The distinctive black mortarboards are often enhanced, for better or worse, by ribbons, buttons, and whatnots added by wearers. Those curious flattops, legend has it, date back to ancient Greece. According to history, wise men of those times chose the mortarboard “because the destiny of graduates is to build. They will build cities, some will build lives, perhaps one will build an empire, but all will build on a solid foundation of knowledge.”

Tradition calls for the jaunty mortarboard tassel to be worn hanging in front to the right before graduation, then moved to the left front afterwards. However, the wind often overwhelms tradition.

Psalms, songs, and orations

At the first Commencement, the top Harvard scholar gave an oration in Greek while other scholars addressed the assembly in Latin and Hebrew. Latin was the language of the first thesis defenses and of the president when he conferred degrees. The Commencement program was mostly in Latin from 1866 to 1943, and College diplomas came in Latin until 1960.

Three student orators carry on that tradition today. One undergraduate speaks in Latin and one in English. One graduate student gives an English oration. Being chosen is a high honor, and those who receive it are picked in auditions by a panel of faculty judges.

Amid psalms and songs, the orators speak and the president addresses the always overcrowded assembly. It’s obviously not practical to read out 6,000 or more names, so degrees are awarded en masse by School. The Graduate School of Arts and Sciences and the University Extension School come first, followed by graduate schools in the order in which they were established. Bachelor degrees come last, when the undergraduates are welcomed into “the fellowship of educated men and women.”

Individuals receive their diplomas at ceremonies held later at the various Houses and graduate schools.

Last, but definitely not least, honorary degrees are bestowed. Except for the keynote Commencement speaker, names of honorands remain a closely held secret until Commencement morning. This year, the featured speaker will be William Gates III, founder and head of Microsoft Inc., who, it turns out, is a Harvard dropout.

Between the Morning Exercises and afternoon ceremonies, it’s time for “cakes and ale.” The boisterous beer parties of old have given way to buffets and box lunches. Alums enjoy the latter in the tree-shaded Old Yard. Those in the Houses and graduate schools can find quantities of liquid to sustain their Commencement Day toasts. Alums, Harvard staff, and others may enjoy one of the last perks of the grand ole days: Free beer is available at a tent in the Old Yard.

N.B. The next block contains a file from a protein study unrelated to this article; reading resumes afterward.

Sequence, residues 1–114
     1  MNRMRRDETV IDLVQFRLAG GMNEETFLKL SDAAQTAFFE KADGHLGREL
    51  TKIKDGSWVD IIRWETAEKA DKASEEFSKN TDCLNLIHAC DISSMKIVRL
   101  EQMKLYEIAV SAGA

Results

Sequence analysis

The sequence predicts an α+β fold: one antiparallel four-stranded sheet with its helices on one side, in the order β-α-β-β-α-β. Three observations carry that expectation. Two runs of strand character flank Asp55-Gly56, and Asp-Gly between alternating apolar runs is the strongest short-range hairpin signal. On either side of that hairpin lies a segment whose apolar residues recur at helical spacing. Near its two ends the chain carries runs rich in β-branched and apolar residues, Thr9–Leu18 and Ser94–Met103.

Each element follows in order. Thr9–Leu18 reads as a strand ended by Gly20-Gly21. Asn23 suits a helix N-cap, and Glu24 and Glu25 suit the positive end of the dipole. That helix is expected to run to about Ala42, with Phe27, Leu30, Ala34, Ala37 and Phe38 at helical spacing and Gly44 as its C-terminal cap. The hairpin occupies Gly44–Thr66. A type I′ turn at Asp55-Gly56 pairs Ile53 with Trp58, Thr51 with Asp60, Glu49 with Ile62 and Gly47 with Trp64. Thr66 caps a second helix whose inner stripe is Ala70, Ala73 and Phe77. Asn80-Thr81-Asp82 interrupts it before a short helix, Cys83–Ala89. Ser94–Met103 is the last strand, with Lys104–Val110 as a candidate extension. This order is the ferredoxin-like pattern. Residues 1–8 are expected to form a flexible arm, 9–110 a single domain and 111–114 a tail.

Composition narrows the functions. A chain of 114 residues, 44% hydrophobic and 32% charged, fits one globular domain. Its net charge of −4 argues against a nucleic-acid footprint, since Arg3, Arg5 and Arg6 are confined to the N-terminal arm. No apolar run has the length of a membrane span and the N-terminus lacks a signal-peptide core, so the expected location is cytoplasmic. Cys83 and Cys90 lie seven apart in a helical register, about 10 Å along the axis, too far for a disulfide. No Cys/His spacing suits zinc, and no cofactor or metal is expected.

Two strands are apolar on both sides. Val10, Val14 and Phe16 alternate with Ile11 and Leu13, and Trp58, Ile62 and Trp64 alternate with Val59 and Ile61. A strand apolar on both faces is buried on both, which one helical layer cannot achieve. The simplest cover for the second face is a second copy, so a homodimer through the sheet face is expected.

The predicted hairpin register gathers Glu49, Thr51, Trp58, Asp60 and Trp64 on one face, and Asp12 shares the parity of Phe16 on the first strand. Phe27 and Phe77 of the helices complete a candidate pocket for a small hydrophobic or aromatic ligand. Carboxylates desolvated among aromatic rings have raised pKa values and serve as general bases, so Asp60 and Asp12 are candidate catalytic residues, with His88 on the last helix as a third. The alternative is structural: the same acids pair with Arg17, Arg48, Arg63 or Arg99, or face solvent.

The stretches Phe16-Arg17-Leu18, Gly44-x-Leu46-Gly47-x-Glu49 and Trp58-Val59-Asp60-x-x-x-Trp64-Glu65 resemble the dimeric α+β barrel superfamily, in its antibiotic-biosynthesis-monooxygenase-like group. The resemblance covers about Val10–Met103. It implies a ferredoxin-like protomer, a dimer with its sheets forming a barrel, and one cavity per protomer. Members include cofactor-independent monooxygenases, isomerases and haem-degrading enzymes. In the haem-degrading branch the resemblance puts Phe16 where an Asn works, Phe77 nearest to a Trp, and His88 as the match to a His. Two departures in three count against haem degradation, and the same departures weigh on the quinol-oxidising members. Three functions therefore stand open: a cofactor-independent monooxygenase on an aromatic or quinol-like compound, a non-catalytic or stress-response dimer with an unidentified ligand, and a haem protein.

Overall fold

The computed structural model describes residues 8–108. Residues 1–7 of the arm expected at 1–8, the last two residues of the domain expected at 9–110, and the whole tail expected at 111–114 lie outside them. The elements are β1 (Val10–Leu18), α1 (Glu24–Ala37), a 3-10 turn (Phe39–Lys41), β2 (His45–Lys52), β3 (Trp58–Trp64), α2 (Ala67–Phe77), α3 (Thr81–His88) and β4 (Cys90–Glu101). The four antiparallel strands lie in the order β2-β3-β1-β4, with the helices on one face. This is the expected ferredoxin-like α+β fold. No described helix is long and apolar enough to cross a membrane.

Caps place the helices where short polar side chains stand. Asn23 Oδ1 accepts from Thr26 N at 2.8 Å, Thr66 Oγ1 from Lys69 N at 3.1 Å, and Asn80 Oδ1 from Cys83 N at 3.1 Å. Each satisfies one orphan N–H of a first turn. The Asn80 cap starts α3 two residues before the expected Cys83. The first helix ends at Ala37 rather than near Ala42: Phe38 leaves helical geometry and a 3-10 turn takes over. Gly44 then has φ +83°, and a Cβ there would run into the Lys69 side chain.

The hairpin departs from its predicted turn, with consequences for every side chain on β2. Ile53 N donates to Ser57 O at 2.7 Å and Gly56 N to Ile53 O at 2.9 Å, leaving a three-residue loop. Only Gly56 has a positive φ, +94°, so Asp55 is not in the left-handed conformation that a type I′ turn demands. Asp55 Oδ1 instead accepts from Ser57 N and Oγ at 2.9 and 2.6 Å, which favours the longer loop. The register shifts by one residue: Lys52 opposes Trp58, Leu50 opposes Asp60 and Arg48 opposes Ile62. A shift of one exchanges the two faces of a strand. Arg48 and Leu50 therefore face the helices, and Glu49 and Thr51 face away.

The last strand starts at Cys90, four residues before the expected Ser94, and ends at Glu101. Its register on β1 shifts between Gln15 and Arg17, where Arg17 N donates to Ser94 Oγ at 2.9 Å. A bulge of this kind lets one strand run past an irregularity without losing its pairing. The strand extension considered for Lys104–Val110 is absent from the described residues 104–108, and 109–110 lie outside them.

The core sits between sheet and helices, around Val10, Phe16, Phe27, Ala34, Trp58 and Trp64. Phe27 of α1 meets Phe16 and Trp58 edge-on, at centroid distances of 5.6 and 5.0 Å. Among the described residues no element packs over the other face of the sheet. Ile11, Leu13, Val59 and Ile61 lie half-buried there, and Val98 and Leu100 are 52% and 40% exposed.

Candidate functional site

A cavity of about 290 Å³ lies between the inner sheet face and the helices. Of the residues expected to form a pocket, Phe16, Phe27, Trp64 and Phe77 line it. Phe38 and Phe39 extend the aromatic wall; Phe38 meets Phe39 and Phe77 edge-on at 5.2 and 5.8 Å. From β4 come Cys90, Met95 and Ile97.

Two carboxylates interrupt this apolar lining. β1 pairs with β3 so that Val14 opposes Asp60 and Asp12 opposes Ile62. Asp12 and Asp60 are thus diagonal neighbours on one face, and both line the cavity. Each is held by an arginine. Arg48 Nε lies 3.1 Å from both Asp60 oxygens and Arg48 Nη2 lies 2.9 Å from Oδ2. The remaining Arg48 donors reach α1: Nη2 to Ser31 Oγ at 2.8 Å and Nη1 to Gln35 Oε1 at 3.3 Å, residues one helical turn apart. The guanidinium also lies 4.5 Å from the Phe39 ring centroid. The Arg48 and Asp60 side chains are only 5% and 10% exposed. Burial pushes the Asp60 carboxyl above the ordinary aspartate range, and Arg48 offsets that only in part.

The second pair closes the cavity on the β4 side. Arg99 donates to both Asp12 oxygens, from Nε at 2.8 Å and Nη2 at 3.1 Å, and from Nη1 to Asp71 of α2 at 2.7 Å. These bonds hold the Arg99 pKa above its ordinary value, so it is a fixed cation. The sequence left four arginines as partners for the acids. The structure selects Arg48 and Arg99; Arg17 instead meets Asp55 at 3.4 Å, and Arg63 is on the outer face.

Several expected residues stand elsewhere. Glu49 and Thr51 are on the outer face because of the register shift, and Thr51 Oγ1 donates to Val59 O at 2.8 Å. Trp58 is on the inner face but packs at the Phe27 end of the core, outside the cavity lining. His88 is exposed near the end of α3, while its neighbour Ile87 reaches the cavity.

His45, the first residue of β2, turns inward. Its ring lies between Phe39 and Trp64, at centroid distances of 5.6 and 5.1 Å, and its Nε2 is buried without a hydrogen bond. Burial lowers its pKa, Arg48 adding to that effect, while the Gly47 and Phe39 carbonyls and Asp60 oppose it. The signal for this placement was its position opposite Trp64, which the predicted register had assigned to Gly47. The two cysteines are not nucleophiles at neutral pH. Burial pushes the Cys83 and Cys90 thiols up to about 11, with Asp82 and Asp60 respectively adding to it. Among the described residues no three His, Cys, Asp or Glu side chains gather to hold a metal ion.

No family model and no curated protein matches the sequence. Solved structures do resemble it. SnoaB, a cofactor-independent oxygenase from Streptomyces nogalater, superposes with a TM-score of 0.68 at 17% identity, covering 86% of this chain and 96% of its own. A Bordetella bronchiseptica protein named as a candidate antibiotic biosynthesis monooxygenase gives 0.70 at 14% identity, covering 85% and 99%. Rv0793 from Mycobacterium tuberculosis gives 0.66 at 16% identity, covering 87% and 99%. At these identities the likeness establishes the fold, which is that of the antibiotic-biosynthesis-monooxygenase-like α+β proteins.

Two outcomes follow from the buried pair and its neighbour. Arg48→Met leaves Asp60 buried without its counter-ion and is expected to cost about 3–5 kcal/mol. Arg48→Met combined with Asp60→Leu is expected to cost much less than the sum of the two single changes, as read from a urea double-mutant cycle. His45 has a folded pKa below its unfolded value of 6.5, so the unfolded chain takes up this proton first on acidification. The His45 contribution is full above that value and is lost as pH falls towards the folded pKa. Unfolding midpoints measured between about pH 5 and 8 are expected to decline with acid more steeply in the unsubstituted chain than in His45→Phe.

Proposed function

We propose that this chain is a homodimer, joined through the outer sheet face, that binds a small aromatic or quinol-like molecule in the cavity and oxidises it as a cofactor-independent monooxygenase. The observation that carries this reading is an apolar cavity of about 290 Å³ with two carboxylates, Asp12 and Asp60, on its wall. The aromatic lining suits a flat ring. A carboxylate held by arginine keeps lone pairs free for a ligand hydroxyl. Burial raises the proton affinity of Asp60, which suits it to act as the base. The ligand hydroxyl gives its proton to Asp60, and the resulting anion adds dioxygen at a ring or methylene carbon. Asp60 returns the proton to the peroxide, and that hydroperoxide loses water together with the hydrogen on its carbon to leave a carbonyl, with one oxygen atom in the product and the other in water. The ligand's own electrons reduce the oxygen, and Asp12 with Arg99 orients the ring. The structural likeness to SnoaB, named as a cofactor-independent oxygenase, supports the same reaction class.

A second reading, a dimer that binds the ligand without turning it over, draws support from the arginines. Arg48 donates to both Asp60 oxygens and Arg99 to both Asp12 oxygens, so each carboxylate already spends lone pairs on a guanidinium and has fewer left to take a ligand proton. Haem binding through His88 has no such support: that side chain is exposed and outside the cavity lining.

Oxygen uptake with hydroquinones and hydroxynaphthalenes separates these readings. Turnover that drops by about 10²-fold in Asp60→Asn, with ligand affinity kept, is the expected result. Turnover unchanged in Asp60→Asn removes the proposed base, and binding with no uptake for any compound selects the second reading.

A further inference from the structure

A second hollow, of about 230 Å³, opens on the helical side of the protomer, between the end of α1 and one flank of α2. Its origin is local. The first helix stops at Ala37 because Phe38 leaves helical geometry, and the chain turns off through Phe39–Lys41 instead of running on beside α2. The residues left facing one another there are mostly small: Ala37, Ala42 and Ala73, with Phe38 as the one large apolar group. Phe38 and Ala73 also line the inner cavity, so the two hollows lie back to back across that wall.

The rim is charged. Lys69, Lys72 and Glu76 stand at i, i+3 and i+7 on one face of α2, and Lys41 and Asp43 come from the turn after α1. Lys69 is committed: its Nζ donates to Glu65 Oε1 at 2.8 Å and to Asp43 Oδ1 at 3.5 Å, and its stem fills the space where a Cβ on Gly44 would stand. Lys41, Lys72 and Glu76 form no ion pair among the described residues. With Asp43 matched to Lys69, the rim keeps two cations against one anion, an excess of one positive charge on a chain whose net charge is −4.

When things go wrong

Although Commencement involves a highly practiced routine, things can and do go wrong. “When 32,000 people are moving from place to place on the campus, you have 32,000 opportunities for something to go wrong,” notes Scheibner with half a smile.

Weather always casts its shadow over the Tercentenary Theatre. In 2006, Commencement week was a washout. The Tercentenary Theatre and Old Yard were floored with wet grass and mud. Scheibner and her battalion of helpers have developed an “Extreme Weather Plan,” but, she says, “we hope never to use it.”

Security is now more of a problem than in Colonial times. When Gen. Colin Powell, former secretary of state, spoke at the 1993 Commencement, those protesting the U.S. military’s policy on gays, and the police brought in to control them, peppered the campus. “We had SWAT teams on the roofs,” Scheibner recalls. With both Bill Gates and former President Bill Clinton speaking this week, security is a big concern in 2007.

Then there are those small but significant nail-biters. At one Commencement, an honorand forgot her lucky beret, an item she felt she could not appear onstage without. A car and driver rushed to her hotel in Boston, a concierge opened her room, the hat was found, and the driver headed back in the notorious traffic of a Boston morning. The team got her hat to the superstitious honorand just as she reached the steps of the dais.